The sculpture garden is overseen by the Western Gallery. There are 27 sculptures on the sculpture garden map. It seems you can pick up a handy booklet about the sculptures in the Western Gallery but I used only the map and it was fine. I want to take this walk with Aaron soon so we will pick up a booklet then. Honestly, it was enjoyable just contemplating the artist’s meaning of the sculptures rather than reading the meaning. When I have the booklet, I’ll be able to see how close I came to understanding the artists’ messages.
The map uses letters of the alphabet (A to Z to AA) as a key to the location of the sculptures. For the most part, it was accurate. I expected the sculptures to be in plain sight and and most of them are. Some are more difficult to find as they are on walls, in buildings, or off the main trails, which added to the ‘discovery’ aspect of the walk. There were two that were missing (I could see where they had been) and one that I searched and searched for but never found. It was disappointing too, as it has the most interesting title, “The Islands of the Rose Apple Tree Surrounded by the Oceans of the World For You, Oh My Darling.” Who wouldn’t want to see that sculpture, right?!
Parking can be tricky at WWU. I was lucky to get a parking spot on Garden Street just below the campus. One could easily take one of the numerous public buses that go up to WWU from downtown too. After parking, I walked up (and I mean up) to Red Square, the heart of the campus, where exhibit A was waiting. I followed the ‘alphabet’ on the map, making it a scavenger hunt of sorts.

“Sky Viewing” by Isamu Noguchi ~ The first sculpture on the map, under construction.
“Scepter” by Steve Tibbetts, 1966. I am amazed at the age of some of the sculptures. This is in Red Square about 30 feet from the previous one. It has stood there for many years, quietly observing campus life. I had to wonder if anyone takes much notice of it. It was one of my favorites.
“Scepter” from another angle.
Here are the previous two sculptures from across Red Square. You can just make out “Scepter” to the left of “Sky Viewing”
“Wall Relief” by Norman Warsinske. This was difficult to find because I hadn’t expected a sculpture to be on a wall. There were supposed to be two of them, one on each end of the Humanities building, but…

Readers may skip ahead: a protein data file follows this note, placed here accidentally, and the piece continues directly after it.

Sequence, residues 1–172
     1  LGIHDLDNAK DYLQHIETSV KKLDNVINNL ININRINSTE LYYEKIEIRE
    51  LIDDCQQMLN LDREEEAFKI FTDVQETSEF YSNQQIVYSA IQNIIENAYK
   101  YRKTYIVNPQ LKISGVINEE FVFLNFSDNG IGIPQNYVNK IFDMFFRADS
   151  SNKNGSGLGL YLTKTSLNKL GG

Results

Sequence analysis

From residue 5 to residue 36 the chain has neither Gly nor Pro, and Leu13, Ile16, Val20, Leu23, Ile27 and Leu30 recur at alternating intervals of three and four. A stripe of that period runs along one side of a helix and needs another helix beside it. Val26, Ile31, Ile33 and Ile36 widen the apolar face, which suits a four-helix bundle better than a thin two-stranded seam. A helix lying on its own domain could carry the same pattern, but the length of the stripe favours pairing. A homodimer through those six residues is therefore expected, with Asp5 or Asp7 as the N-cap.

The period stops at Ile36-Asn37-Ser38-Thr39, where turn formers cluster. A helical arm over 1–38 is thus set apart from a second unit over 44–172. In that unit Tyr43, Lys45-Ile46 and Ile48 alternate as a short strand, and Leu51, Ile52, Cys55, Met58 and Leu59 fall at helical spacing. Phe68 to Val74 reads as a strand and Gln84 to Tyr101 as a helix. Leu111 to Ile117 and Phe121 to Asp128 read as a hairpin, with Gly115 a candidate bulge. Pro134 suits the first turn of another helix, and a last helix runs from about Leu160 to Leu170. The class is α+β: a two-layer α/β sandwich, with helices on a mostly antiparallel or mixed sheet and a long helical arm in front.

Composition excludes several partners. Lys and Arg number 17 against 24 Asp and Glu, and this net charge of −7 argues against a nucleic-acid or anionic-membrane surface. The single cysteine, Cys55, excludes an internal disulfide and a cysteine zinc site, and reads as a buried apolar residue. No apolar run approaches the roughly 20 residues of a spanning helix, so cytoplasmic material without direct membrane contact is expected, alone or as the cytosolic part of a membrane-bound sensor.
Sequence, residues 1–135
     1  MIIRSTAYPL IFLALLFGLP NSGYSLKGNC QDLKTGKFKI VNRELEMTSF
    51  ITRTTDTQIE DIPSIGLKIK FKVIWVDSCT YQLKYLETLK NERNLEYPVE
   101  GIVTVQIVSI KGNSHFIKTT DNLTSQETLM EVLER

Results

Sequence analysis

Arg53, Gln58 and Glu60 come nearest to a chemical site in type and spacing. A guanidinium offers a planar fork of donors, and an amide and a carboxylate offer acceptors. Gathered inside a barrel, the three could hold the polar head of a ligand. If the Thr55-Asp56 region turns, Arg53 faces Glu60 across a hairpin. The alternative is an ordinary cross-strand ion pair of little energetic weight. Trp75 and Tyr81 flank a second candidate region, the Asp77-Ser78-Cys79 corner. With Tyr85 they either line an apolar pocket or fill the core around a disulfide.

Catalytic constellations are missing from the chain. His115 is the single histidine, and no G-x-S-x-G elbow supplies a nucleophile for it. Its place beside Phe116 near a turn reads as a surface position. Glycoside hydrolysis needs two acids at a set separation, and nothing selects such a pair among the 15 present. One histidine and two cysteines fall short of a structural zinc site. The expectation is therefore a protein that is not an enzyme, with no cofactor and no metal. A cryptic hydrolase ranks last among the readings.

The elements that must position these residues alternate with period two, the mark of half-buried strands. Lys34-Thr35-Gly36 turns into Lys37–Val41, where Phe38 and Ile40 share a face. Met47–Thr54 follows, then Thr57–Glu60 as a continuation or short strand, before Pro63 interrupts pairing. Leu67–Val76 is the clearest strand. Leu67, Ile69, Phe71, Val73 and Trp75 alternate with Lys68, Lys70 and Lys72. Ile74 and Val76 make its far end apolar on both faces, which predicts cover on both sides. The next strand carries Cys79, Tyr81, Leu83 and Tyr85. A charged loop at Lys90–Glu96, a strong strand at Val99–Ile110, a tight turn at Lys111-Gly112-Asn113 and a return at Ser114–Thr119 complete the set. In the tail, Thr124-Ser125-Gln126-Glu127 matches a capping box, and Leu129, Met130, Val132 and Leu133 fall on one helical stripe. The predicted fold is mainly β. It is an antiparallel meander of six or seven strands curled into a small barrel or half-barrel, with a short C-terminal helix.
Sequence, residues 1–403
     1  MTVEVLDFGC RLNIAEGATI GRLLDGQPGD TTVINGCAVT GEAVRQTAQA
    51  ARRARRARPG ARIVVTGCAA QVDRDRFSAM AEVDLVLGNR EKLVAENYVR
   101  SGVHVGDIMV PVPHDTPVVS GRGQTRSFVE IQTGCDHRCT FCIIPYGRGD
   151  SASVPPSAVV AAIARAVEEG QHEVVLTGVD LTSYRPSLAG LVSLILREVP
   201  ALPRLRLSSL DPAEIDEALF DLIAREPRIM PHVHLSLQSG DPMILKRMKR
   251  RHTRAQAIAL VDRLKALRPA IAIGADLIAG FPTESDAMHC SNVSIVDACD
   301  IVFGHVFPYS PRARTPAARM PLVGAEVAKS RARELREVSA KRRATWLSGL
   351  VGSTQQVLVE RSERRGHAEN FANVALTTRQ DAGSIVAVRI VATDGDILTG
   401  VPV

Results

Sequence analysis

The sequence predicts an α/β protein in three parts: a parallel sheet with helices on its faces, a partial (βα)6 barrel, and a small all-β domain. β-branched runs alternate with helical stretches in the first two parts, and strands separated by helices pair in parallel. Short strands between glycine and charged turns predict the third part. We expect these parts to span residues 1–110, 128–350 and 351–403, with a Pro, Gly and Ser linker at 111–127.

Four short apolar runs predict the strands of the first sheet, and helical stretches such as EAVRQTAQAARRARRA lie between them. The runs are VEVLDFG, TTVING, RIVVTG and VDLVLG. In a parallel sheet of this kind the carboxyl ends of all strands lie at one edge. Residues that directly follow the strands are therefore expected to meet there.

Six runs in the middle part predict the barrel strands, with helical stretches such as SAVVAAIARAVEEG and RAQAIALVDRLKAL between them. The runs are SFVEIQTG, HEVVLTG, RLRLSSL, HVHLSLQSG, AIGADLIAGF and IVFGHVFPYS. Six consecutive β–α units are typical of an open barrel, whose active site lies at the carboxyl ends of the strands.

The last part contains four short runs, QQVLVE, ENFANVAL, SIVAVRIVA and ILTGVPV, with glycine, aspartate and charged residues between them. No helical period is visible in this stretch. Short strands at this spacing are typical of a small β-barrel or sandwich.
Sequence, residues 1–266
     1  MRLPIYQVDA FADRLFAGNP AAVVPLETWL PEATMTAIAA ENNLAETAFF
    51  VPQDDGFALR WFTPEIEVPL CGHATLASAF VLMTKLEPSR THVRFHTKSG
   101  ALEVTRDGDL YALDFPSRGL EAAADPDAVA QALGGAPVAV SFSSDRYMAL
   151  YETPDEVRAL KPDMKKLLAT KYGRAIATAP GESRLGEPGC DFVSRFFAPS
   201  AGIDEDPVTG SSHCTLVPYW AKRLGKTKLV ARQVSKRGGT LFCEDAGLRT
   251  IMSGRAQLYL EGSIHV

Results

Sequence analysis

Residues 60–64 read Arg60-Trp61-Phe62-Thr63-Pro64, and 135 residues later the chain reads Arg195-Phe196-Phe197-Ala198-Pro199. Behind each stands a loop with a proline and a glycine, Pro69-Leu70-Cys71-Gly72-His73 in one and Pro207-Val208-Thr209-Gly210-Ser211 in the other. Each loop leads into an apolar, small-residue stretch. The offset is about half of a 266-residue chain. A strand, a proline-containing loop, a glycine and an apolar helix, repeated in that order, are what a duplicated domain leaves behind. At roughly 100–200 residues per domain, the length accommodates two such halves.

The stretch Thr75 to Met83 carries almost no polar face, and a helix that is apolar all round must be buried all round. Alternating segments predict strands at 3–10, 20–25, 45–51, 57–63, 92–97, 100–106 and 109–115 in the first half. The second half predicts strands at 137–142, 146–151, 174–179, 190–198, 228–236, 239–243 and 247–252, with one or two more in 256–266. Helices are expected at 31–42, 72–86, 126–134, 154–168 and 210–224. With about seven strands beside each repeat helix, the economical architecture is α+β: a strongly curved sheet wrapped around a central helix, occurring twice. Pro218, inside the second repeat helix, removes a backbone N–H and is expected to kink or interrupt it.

…all I could find was where it’s pair had been.

Some of the sculptures are favorites of the students and visitors for obvious reasons…this would make a great walk for little people, as many of the sculptures are interactive, as you’ll see.

“The Man Who Used to Hunt Cougars for Bounty” by Richard Beyer
“Bayview Station” by George Trakas. This was made from railroad track and wood, hence the name, Bayview Station. It also looked out over the bay, making a great hang out spot.
“Bayview Station,” WWU Outdoor Sculpture Garden
“Wright’s Triangle” by Richard Serra. This makes for an awesome hide and seek type game!

“Log Ramps” by Lloyd Hamrol. I think this is the same family that was climbing on one of the previous sculptures.
“Stadium Piece” by Bruce Nauman. This one just makes you want to run to it. Kids were on it and under it…
“Stadium Piece”

We’ve seen this next one for many years but have never gone up to it and inside it. It has a quality like no other. It is titled, “Stone Enclosure: Rock Rings” by Nancy Holt. I felt an inner quiet immediately come over me like never before.

“Stone Enclosure: Rock Rings” by Nancy Holt. The setting is breath-taking.
“Stone Enclosure: Rock Rings”
Looking all the way through to the green beyond…
Contrast between styles…

The map takes you all the way to Fairhaven College. This is not to be missed. The campus is designed in such a way that you feel you are at a mountain retreat. It would be great place to have a picnic lunch…
After Fairhaven College, you walk over to the state-of-the-art Wade King Student Recreation Center. Wade King lost his life as a youngster in the catastrophic Whatcom Falls Park fire. His family has given countless dollars, in his name, to promote the education of youth in Whatcom County. I was struck by the symmetry of the flags leading to the Center and the next sculpture, a water sculpture, dedicated to all those who served in WW II.

Wide open walkway leading to the Wade King Student Recreation Center, WWU

Here is a  video of the water sculpture, “Rain Forest,” by James Fitzgerald at Wade King Student Recreation Center, WWU.

and another…

Here are a couple more of interest. One is inside the library. One is below a sky bridge of sorts, which given the layout of the sculpture was the best place to view it.

“Minds Eye” by Mark Di Suvero is inside the library. You can see it through the window as you approach.
“Untitled” by Meg Webster as seen from above.
These playful turtle-like characters, found in Haskell Plaza, are titled “Feats of Strength” by Tom Otterness.
Pretty cute…